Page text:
The Chargers aren't limiting their search for an offensive coordinator to one specific area.
To catch everyone up, the Bolts have now completed two interviews for that position.
Zac Robinson, the Passing Game Coordinator/quarterbacks coach for the Rams, interviewed Monday. Greg Olson, a senior offensive assistant for the Rams, interviewed Tuesday.
There will still be more coaches that interview for this job, as Chargers Head Coach Brandon Staley said last week that the Bolts will cast a wide net in their search process.
They've actually already done that, as Robinson has four years of NFL coaching experience compared to 21 for Olson. The Chargers are doing their homework on coaches with different amounts of experience, just as Staley said they would.
"What you have to do is go through a process to discover people," Staley said last Wednesday. "Like I said, good coaches come in all shapes and sizes, all levels of experience. What we're going to try and do is find the type of coaching staff that fits me, our players and our organization."
Now, is there a certain flavor or style that the Chargers want from their next offensive coordinator?
Sure. Staley noted last week that someone from the Sean McVay/Kyle Shanahan scheme tree might be the best fit given how successful those offenses have been in recent years. And the branches of that tree extend even further back to the 1990s, where they were parts of Super Bowl offenses.
A key trait Staley said he is looking for is a coach who can help boost the Bolts run game while also increasing explosive passing plays down the field.
"In terms of the passing game, that's what we've been able to do at a high level for the last two years, throw the football," Staley said. "But, to be more explosive, you have to be able to run the football more consistently to put more pressure on people.
"What we want to do is cast a net to where we find the best person to lead our offense and to, ultimately, be a part of our team, and connect all phases to one another," Staley added. "That's what I'm after."
Staley also noted last week that the Chargers were going to take their time with this search. So far, the team has.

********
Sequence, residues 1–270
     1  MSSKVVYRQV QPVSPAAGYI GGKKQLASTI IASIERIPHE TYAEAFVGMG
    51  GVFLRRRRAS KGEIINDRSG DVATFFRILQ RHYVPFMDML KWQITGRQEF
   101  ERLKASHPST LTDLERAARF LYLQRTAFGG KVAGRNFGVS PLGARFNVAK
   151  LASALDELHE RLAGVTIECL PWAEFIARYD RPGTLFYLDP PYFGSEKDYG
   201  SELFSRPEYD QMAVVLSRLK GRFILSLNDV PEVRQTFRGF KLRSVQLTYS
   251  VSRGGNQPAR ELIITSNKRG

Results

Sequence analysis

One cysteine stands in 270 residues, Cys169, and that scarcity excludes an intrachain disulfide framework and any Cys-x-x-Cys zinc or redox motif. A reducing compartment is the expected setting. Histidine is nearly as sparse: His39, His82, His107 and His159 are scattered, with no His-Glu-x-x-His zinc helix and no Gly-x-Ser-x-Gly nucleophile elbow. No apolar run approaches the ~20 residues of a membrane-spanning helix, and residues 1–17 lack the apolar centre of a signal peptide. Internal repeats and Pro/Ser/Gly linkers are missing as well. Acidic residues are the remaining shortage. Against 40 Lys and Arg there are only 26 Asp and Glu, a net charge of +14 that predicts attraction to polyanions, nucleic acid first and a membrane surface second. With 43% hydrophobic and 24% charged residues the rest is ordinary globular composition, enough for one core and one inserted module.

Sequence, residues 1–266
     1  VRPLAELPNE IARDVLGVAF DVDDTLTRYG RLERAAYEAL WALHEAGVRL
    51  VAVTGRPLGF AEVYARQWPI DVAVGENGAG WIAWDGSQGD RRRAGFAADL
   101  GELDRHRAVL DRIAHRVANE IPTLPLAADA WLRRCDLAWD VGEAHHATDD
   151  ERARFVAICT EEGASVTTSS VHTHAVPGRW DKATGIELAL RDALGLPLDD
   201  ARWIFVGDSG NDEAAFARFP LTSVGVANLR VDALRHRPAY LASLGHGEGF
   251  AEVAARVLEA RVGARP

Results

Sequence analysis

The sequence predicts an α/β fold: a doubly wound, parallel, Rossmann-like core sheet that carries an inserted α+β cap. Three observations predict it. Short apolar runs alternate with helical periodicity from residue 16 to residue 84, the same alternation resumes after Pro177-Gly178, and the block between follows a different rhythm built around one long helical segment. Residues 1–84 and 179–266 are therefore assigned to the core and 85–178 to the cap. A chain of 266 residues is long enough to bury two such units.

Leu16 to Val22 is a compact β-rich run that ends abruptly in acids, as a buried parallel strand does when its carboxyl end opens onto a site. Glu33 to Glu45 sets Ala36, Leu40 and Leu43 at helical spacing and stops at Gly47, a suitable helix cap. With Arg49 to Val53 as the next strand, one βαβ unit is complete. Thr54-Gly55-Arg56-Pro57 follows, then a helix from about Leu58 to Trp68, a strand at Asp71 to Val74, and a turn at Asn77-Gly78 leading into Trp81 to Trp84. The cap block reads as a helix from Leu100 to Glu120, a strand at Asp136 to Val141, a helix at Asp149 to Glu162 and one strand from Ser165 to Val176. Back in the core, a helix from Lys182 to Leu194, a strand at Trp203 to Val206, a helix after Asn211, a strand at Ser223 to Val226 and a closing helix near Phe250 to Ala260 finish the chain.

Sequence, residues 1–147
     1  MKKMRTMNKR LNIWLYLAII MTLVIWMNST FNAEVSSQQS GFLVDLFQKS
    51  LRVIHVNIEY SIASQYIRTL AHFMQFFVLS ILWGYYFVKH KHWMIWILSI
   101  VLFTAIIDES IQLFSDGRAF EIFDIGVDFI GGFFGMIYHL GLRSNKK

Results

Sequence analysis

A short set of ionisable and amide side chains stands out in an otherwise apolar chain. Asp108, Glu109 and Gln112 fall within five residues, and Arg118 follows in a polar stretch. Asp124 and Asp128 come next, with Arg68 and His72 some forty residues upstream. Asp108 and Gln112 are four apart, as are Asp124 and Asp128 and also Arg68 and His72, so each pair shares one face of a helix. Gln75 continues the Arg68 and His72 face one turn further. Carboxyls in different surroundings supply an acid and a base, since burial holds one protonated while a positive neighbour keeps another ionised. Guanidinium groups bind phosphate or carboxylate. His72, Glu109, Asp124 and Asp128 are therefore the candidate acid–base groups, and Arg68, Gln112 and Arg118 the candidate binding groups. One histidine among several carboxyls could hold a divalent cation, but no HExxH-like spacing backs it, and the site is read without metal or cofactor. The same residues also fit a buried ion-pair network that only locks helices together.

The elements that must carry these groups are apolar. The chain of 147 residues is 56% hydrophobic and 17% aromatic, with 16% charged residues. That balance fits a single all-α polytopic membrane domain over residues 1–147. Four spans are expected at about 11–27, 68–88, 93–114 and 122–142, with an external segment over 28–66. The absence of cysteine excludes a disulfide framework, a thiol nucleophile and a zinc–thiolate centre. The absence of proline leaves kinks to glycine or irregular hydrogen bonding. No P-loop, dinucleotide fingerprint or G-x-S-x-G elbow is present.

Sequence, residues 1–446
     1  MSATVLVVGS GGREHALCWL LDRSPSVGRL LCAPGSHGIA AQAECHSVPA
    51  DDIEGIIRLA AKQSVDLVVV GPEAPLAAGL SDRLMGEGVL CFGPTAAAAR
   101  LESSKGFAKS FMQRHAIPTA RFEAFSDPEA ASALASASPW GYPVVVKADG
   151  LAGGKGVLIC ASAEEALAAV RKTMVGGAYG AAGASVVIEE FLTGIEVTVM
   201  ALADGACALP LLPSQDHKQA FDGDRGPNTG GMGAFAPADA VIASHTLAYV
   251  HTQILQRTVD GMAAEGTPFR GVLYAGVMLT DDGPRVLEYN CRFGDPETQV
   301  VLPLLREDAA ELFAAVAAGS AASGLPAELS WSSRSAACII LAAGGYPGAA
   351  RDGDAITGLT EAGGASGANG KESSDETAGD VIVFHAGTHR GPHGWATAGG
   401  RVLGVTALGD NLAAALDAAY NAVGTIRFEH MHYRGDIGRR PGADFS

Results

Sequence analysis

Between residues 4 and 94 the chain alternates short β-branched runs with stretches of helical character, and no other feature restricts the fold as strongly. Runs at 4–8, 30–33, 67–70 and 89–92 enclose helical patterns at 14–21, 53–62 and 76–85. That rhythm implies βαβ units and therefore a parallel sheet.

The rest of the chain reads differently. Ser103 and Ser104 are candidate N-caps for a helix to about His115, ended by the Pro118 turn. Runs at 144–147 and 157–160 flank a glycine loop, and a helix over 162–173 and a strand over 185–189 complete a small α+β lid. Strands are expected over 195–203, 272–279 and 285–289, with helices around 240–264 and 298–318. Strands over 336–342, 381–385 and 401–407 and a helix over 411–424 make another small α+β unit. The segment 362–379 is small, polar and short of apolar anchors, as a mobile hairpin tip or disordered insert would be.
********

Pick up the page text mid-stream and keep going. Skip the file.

But as the search process continues, keep in mind what the new offensive coordinator will be working with.
To start, have you heard of Justin Herbert?
I joke around, but what offensive coach wouldn't want the chance to work with the young star quarterback?
Outside of him, Austin Ekeler, Mike Williams and Keenan Allen headline the skill position players. And the offensive line features key building blocks with Corey Linsley, Rashawn Slater, Zion Johnson and Jamaree Salyer.
Staley said it best last week when he said the Bolts might have the top offensive coordinator job available. In my mind, they do.
"We have one of the top jobs in the league, so we're going to be thorough with our process," Staley said. "There's not a rush to do anything because we want to make sure that we hire the best coach."
Hard to believe, but draft season is only a few months away.
But I'm not going to project what position the Chargers will take with the 21st overall pick, and there's a few reasons for that.
First, it's not even February yet. Free agency usually plays a big role in determining what a team does in April based on whether or not they are able to fill needs in mid-March.
Second, the draft is a crapshoot. It really is. I've been around the league long enough to know that even the best draft analysts only hit on their predictions a small percentage of the time.
Can you make the case for another wide receiver or tight end to give Herbert even more options offensively? Of course.
Notre Dame tight end Michael Mayer is a player who is going to be mentioned with the Chargers first-round pick, and he's already been mocked to the Bolts.
But you could also made the case for a number of other positions, too.
Considering the time of year, let's get through the combine first and circle back once the picture becomes clearer.
We've got three months to go until the draft. In the meantime, check out Version 1.0 of our Mock Draft Tracker.
I'll answer the latter of these two inquiries first.
A new facility is coming and from what I've heard, it will be among the best in the league.
I'd disagree with Josh's point about injuries being more common here than anywhere else. The simplest way to say it is that it's based on luck.
A year ago, the Chargers were among the least injured teams in the league. This year, the injury bug hit them harder.
Even so, the Bolts still managed to get into the playoffs despite a constant shuffling of lineups.
Let's get to Josh's first point though where he asks about the Chargers taking the next step.
To me, the Chargers aren't far off from being counted upon the elite teams across the league.
The standard bearer for that in recent seasons has been the Chiefs, and the Chargers are right there every time with their division rival.
It might be as simple as being just a little bit better in all areas, whether that's against the Chiefs or any other team.
The Bolts won double-digit games and made the playoffs this past season. That's an accomplishment, sure, but not one that the Bolts are resting on.
They want to still be playing this time of season, whether it's now or any other year. Let's hope the Chargers can find ways to be a tad better in numerous areas in 2023.
Some people (and quarterbacks) are simply not rah-rah leaders who get in your face and give a fiery pregame speech to get a team fired up.
From everything I've learned and noticed about Herbert in the past six months, he's not that guy.